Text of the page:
In such cases, Sicriptin™ is indicated only if these treatments are unsuccessful. In the absence of pituitary adenoma and in cases in which the patient wishes to become pregnant, it is recommended that the treatment with Sicriptin™ be discontinued as soon as possible after conception (early test for pregnancy by immunological test). Although the present knowledge does not indicate that bromocriptine is teratogenic, data accumulated today do not allow a firm conclusion because of the rarity of infertility of prolactin origin.

As a precautionary measure, in cases of established pregnancy, the evolution of pituitary adenoma associated with pregnancy should be monitored regularly, for example by examination of the visual field. In acromegalic patients gastrointestinal bleeding has been rarely reported, though the connection with bromocriptine mesylate treatment is not proven.

Therefore, in absence of further information, acromegalic patients should be carefully assessed for peptic ulceration prior to treatment with Scriptin™ and advised to report gastrointestinal side effects promptly.

Hypotensive reactions may be disturbing in some patients during the first few days of treatment and particularly care should be exercised when driving vehicles or operating machinery.

Caution is required where bromocriptine mesylate is being given in high doses to Parkinsonian patients with a history of psychotic disorders, severe cardiovascular diseases, peptic ulceration or gastrointestinal bleeding.

Among Parkinsonian patients on long-term, high dose bromocriptine mesylate treatment, pleural effusions have been observed in some cases. While a causal relationship between bromocriptine and these findings is uncertain, patients presenting with unexplained pleuropulmonary signs or symptoms should be examined thoroughly and discontinuation of bromocriptine mesylate therapy should be contemplated.

Bromocriptine was used in the past to prevent breast engorgement following delivery in women who chose not to breast-feed. However, this indication has been withdrawn because of the risk of myocardial infarction, seizures, hypertension and severe headache.

Care should be exercised when bromocriptine is administered concomitantly with hypotensive or psychoactive drug because interactions with bromocriptine cannot be excluded.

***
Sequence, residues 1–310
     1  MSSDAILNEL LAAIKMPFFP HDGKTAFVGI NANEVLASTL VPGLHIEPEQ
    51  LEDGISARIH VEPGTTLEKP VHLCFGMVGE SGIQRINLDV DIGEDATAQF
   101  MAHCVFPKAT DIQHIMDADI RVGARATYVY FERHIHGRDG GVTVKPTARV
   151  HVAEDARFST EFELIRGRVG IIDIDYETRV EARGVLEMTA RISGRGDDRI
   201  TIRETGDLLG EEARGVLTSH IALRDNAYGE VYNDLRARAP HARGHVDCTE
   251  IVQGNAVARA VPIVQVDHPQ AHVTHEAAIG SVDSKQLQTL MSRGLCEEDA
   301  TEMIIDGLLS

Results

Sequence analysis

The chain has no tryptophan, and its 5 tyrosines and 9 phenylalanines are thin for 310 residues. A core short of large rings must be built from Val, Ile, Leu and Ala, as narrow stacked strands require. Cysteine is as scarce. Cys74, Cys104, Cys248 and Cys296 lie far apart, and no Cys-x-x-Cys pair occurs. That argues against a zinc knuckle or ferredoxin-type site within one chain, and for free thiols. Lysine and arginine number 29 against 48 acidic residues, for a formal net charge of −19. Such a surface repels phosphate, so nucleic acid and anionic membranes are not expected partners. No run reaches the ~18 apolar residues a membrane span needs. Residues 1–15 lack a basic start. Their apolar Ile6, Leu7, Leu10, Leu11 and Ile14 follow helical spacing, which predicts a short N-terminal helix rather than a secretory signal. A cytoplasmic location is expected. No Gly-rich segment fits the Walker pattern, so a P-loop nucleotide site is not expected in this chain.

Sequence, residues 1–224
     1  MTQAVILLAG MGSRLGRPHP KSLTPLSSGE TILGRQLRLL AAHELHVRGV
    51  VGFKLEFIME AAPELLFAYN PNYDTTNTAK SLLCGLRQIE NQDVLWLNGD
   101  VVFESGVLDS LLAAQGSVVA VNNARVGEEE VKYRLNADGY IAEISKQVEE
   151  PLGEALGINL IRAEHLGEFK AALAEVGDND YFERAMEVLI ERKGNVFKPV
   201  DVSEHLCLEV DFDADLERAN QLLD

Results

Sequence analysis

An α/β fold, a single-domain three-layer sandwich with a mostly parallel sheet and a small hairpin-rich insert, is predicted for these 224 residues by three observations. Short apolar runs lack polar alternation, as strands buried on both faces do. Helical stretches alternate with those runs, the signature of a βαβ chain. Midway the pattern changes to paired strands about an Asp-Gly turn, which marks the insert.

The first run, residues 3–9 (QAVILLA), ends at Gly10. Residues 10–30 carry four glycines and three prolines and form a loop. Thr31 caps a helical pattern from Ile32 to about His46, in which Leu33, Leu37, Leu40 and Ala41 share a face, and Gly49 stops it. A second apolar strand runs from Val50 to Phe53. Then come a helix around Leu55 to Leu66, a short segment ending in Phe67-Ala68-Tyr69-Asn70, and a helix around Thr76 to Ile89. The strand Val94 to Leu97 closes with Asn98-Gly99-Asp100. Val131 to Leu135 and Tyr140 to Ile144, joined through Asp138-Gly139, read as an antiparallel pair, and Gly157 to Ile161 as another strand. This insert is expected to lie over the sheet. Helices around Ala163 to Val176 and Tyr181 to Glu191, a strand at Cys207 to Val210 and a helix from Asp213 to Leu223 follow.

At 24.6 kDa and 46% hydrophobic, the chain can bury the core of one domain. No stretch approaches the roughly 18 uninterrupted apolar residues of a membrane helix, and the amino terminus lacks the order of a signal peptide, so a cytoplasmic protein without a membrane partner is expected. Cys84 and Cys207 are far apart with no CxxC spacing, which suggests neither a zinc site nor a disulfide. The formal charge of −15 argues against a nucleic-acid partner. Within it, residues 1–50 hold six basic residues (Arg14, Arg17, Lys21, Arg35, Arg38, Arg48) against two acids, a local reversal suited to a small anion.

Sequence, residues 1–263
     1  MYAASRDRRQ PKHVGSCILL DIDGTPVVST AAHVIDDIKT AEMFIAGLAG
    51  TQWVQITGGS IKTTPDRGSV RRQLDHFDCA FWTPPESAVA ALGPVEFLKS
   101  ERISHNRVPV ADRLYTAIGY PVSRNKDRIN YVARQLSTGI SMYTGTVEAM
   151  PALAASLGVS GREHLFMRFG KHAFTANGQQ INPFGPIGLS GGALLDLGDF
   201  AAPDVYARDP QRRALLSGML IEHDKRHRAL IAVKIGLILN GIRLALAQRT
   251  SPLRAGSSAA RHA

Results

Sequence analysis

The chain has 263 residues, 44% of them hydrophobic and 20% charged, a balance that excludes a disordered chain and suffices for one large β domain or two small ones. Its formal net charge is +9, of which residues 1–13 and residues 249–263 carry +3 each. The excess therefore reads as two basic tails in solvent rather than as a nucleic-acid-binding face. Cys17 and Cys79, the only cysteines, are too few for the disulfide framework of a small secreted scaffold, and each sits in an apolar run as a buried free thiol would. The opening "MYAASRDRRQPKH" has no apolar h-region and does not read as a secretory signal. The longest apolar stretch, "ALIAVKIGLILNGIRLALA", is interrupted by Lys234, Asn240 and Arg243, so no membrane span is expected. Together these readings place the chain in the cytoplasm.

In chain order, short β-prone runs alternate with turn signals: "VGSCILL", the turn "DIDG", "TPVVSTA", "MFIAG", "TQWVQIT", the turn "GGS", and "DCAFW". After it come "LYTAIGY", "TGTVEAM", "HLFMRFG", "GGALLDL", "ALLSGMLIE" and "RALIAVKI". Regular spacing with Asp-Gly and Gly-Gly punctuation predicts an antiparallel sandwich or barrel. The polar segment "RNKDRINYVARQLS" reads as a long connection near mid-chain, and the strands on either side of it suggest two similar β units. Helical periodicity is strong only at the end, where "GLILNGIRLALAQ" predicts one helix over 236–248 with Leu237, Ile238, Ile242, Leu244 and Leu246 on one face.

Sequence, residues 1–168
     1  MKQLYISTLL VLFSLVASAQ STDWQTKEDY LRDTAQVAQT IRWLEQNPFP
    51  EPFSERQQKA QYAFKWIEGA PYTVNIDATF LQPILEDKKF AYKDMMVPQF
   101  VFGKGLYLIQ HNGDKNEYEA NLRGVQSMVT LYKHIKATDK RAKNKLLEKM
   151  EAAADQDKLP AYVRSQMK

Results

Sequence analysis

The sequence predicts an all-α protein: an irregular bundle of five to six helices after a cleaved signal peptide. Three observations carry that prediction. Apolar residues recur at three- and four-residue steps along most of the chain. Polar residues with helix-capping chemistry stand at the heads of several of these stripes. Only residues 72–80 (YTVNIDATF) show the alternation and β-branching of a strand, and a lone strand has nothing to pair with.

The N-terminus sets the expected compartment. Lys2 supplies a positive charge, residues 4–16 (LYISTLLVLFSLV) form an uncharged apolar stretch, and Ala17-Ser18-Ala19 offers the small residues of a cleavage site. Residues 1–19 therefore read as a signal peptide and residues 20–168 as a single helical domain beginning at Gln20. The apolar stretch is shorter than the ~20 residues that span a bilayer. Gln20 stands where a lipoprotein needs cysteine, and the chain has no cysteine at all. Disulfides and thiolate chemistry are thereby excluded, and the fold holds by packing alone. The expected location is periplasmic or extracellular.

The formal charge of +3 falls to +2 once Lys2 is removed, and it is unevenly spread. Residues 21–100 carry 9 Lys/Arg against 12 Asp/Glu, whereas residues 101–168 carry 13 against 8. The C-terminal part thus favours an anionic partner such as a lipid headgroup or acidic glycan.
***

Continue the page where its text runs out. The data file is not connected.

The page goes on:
Gynaecological assessment, preferably including cervical and endometrial cytology, is recommended for women receiving bromocriptine for extensive periods. Six-monthly assessment is suggested for post-menopausal women and annual assessment for women with regular menstruation.

When women of child-bearing age are treated with bromocriptine for conditions not associated with hyperprolactinaemia the lowest effective dose should be used. This is in order to avoid suppression of prolactin to below normal levels, with consequent impairment of luteal function.

In such patients and if the treatment is prolonged for more than 6 months, assessments are advised at regular intervals to check the plasma prolactin and post-ovulatory progesterone levels.

During the first days of treatment the preparation may induce slight nausea in some patients and more rarely vertigo or vomiting. However, the intensity of these symptoms is not such as to require the discontinuation of the treatment.

On rare occasions, Sicriptin™ may induce a lowering of the blood pressure. In out- patients it is thus advisable to monitor the blood pressure, particularly during the first days of therapy. Postural hypotension may be disturbing but it can be controlled by a symptomatic treatment. If side effects persist, it should be sufficient to reduce the dosage. In patients liable to Raynaud's syndrome or in acromegalic patients receiving high doses of Sicriptin™ reversible pallor of the face, hands and feet induced by cold have occasionally occured. Overdosage with Sicriptin™ is likely to result in vasospasm, hallucinations and confusion, hypotension, dyskinesia and, in Parkinsonian patients, also constipation and drowsiness, Psychomotor excitation, dry mouth and leg cramps have been rarely reported.

All these side effects are dose- dependent and, in general, may be overcome by a reduction of the dosage.

Should be stored below 25°C and protected from light and moisture.

SICRIPTIN™ and SICRIPTIN™ 1.25 is packed in a box containing five strips of 10 tablets each,